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Our newest Prosumer Report, ‘Health and Hygiene in the Post-COVID-19 Era,’ investigates reactions to the current global health crisis.

The threat we have all faced over the past year has heightened awareness of the dangers surrounding us each day. More than 9 in 10 Prosumers surveyed said COVID-19 has underscored that a strong healthcare system is essential to a strong economy. But how is it that an event taking place globally has been met with such a wide range of reactions, varying by country and culture? For instance, only half of French Prosumers trust the institutions that promote the vaccines, whereas three-quarters or more do in China and Norway. Going further, 72% of respondents in the UK and 54% in the US believe that refusing to be vaccinated puts others at risk; less than a third of the French agree.

This study, fielded at the beginning of 2021, draws on responses from more than 15,000 participants across 31 markets. It provides a cross-cultural perspective on reactions to the pandemic and also explores the new expectations of Prosumers regarding health, the medical community, and brands.

Among the key findings:

Same pandemic, different reactions: Which comes first: your health or the health of the economy? In China and Russia, more than 9 in 10 Prosumers believe the pandemic has revealed that their government prioritises citizens’ health over the economy. In contrast, more than 6 in 10 Prosumers in Brazil and the US feel their nations have prioritised the economy over their health.

Collective-minded vs. individual-driven: The global pandemic has put our cultural differences in the limelight: 91% of Chinese Prosumers are willing to support their government and healthcare authorities by sharing personal information to help prevent widespread collective disease. In comparison, only around half of American Prosumers and 32% of French Prosumers are willing to do so.

Trust is the greatest weapon: In the age of pandemic, trust in science, scientists, and government authorities has become a critical component of mitigation efforts. While most global Prosumers expressed faith in the COVID-19 vaccines available at the time of the study, nearly two-thirds of those in the Czech Republic and around half of Prosumers in France and Belgium did not. Among Prosumers who don’t trust the vaccines, the vast majority (83%) worry that the development process was “too rushed,” while—more worryingly—around a third simply don’t trust the people and institutions promoting the vaccines.

Shifting from individual to collective responsibility: 90% of Prosumers agree it is everyone’s responsibility to take care of their health and avoid contributing to system overload, but there is widespread disagreement on what sanctions should be applied to those who fail to do so. While a majority of respondents in Eastern nations (e.g., China, 53%; India, 64%) agree that “people who don’t maintain their health should pay extra for health insurance / healthcare expenses,” the European nations of Belgium (30%) and France (27%), on balance, disagreed.

We’ve become hygiene freaks: Hygiene has taken centre stage during the pandemic. A large majority of Prosumers (87%) think strict hygiene is essential to our personal health, and 85% say keeping a clean home will become part of their regular health regimen. However, this fear should not be at the expense of social connections: 60% of Prosumers think that having very strict sanitary and hygiene rules is depriving us of the spice of life.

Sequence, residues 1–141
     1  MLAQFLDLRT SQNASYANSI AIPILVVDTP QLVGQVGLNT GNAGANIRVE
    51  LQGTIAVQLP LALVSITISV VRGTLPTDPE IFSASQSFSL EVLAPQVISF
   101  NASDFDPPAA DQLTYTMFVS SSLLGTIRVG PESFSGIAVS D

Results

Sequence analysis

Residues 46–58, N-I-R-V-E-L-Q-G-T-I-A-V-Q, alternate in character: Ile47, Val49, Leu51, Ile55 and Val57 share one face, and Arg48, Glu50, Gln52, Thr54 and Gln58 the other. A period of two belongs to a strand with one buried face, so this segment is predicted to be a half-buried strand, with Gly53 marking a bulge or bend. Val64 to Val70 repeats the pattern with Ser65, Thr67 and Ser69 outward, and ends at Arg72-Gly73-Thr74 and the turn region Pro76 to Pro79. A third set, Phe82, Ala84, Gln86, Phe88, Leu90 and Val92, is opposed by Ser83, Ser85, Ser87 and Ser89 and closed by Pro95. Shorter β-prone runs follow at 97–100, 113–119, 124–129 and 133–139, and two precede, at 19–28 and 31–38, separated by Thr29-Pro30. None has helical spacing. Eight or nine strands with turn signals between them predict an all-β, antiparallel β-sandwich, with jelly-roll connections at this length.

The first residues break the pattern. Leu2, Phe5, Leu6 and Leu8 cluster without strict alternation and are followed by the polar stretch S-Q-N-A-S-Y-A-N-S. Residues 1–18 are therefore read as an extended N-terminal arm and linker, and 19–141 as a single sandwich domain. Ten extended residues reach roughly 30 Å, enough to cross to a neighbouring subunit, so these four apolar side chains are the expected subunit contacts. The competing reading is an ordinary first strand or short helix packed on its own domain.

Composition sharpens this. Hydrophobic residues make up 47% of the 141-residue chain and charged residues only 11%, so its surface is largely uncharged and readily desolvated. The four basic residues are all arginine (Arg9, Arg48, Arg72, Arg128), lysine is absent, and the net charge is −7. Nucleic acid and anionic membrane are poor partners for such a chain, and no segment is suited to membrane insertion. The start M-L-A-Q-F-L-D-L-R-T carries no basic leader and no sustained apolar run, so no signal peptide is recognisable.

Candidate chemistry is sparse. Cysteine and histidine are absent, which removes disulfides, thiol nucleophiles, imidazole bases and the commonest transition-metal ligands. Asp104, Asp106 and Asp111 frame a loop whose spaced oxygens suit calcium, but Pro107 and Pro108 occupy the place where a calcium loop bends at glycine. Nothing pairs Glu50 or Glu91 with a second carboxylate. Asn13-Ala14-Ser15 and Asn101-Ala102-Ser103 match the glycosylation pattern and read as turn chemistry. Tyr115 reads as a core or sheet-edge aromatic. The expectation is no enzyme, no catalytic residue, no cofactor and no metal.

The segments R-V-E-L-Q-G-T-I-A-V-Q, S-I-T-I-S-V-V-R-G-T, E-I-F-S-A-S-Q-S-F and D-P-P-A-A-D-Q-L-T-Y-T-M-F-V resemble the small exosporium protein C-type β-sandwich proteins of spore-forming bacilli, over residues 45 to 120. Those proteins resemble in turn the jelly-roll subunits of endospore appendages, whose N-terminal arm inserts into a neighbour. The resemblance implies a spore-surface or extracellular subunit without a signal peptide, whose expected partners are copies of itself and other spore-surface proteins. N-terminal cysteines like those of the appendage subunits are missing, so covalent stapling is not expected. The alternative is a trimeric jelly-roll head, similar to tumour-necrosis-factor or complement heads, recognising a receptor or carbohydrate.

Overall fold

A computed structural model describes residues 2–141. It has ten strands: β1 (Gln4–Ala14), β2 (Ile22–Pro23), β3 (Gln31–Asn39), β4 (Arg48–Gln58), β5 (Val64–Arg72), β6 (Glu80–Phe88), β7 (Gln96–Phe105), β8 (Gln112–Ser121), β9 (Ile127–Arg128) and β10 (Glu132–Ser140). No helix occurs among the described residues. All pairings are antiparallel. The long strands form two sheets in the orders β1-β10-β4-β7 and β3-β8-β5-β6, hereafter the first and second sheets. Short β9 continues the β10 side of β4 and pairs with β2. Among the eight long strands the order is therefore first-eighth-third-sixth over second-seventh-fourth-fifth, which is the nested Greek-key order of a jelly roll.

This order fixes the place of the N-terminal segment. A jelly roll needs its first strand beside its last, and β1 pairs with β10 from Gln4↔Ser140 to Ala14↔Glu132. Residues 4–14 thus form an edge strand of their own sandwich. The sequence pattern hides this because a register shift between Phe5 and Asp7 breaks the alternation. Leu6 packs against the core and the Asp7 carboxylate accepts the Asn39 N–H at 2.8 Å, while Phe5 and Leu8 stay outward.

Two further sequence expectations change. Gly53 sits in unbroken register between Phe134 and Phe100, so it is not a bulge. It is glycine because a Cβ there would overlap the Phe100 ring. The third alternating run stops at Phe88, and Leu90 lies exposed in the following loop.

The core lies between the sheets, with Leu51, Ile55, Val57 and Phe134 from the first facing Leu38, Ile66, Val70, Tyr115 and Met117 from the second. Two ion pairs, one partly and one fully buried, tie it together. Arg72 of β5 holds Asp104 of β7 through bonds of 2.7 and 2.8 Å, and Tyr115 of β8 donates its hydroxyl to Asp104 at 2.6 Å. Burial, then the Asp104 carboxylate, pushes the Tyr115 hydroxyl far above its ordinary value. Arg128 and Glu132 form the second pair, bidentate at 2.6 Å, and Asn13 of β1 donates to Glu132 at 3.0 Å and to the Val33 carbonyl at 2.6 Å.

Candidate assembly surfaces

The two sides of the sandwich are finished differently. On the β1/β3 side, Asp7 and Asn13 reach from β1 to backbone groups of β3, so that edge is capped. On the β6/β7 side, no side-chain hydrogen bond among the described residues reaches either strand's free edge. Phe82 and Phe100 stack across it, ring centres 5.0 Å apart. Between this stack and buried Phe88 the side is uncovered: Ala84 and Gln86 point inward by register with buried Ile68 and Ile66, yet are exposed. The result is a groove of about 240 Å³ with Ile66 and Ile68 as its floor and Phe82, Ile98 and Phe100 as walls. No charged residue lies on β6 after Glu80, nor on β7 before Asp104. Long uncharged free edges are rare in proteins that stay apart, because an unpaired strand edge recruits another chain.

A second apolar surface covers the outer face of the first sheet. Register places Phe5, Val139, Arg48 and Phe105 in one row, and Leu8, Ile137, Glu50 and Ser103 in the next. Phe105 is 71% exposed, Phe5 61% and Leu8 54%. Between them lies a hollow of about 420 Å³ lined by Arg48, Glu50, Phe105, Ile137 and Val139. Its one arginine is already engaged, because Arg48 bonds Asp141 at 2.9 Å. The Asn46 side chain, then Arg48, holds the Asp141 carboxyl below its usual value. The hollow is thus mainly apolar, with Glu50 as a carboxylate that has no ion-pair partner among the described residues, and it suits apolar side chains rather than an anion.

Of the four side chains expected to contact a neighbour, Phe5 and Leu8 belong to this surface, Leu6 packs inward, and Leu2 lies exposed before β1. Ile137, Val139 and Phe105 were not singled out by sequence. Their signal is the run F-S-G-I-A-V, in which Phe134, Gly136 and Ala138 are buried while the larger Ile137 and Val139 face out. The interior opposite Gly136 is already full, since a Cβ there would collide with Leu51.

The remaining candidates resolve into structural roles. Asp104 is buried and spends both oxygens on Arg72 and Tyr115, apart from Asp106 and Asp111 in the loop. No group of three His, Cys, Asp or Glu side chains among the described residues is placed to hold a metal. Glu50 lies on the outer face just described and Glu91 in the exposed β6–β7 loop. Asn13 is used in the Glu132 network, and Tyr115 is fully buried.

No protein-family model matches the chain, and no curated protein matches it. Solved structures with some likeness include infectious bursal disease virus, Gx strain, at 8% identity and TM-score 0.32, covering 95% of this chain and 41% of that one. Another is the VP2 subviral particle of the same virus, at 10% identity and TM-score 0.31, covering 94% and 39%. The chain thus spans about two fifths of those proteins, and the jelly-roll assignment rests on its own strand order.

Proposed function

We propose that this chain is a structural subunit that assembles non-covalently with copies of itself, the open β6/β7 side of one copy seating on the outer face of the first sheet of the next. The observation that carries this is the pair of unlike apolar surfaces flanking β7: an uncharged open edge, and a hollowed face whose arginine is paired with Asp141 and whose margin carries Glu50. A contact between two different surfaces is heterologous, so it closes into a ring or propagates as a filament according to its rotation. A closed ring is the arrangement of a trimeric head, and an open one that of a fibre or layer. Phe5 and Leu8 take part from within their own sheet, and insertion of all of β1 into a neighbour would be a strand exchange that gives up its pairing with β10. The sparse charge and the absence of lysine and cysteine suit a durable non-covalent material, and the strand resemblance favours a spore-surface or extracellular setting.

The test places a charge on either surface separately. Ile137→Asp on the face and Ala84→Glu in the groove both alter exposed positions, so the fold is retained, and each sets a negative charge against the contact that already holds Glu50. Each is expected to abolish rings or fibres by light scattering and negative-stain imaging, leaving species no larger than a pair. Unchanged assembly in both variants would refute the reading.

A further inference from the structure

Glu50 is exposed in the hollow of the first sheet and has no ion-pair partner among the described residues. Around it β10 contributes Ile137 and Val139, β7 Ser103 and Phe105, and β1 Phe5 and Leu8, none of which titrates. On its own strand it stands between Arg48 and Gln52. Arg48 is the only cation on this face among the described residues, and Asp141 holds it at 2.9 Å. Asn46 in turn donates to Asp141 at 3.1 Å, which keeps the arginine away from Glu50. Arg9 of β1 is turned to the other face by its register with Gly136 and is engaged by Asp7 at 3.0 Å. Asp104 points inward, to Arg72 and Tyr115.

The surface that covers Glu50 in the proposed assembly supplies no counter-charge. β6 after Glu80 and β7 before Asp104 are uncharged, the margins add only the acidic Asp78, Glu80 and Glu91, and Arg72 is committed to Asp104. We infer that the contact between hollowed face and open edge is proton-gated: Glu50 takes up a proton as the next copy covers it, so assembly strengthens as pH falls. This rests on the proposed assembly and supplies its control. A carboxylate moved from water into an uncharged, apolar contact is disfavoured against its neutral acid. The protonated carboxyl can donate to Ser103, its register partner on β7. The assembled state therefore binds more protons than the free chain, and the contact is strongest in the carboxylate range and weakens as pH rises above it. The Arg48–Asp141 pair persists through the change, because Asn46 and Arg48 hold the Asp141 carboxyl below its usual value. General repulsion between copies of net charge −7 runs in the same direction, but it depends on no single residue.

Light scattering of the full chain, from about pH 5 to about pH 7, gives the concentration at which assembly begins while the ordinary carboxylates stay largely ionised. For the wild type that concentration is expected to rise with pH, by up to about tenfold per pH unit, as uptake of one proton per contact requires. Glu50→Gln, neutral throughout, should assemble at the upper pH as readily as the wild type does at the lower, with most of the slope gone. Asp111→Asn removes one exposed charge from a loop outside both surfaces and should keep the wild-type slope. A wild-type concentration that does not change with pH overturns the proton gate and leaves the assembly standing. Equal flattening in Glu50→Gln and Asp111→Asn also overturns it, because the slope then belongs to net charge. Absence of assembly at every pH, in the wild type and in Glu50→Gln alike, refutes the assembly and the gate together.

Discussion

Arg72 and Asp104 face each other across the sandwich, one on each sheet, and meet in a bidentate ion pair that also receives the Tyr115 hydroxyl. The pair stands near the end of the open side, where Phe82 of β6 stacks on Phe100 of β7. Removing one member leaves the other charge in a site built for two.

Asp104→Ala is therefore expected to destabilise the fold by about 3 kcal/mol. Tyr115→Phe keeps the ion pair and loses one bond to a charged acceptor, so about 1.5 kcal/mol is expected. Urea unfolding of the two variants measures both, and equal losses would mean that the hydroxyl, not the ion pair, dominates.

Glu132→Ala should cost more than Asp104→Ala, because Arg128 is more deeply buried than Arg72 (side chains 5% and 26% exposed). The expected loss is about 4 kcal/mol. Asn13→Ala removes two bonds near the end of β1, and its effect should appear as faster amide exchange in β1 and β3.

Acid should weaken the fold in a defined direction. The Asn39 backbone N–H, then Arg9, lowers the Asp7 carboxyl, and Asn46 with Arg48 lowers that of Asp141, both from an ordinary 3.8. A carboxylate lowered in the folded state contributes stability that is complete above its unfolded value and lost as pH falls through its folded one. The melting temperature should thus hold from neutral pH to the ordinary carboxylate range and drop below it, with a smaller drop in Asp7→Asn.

Health forward, your updated physician: Prosumers want to see a new approach from their physicians, with over 75% expressing a desire for their doctors to behave more like health coaches rather than just prescribing drugs. But there is a divide in the extent to which people want to see certain healthcare advances based in science and technology. For instance, while 44% of US respondents think the use of “big data” in medicine will provide tailored treatments for each patient, only 33% of French agree. And while 41% of Chinese respondents would be willing to have their DNA edited to protect their future children from potential diseases, only 9% of French respondents would do so.

Pharma companies have a trust deficit: Despite pharmaceutical companies’ role in providing life-saving tests, treatments, and vaccines for COVID-19, only 1% of Prosumers consider them their most trusted source of health information. For these brands to build consumer trust, a shift in perceptions is vital. That starts with being honest and open: 81% of Prosumers think pharma companies should be more transparent about their medications. It’s also about accessibility: 3 in 4 Prosumers saying pharma companies have a responsibility to keep prices low so that treatments are affordable for all. And finally, it’s about innovation: Nearly 8 in 10 Prosumers think pharma companies are at the centre of the healthcare system’s science and innovation. However, they are not in this race alone: 42% believe that future advances in health will be led by Amazon, Google, and other tech giants.

How can brands help? When it comes to health and hygiene, a majority of both Prosumers and mainstream consumers indicated a willingness to start a journey of change and go from information to practice. But to do so, they’re going to need guidance:

  1. Inform: 60% of Prosumers signaled they expect their favourite brands to offer health and wellness information they can rely on.
  2. Educate: 77% expect cleaning brands to offer tutorials and new products/services that help them better manage their home hygiene.
  3. Empower: 44% expect their favourite brands to help them track the cleanliness of their favourite surroundings.
  4. Inspire: 62% expect their favourite brands to help them find smart ways to live a more hygienic/healthy lifestyle.

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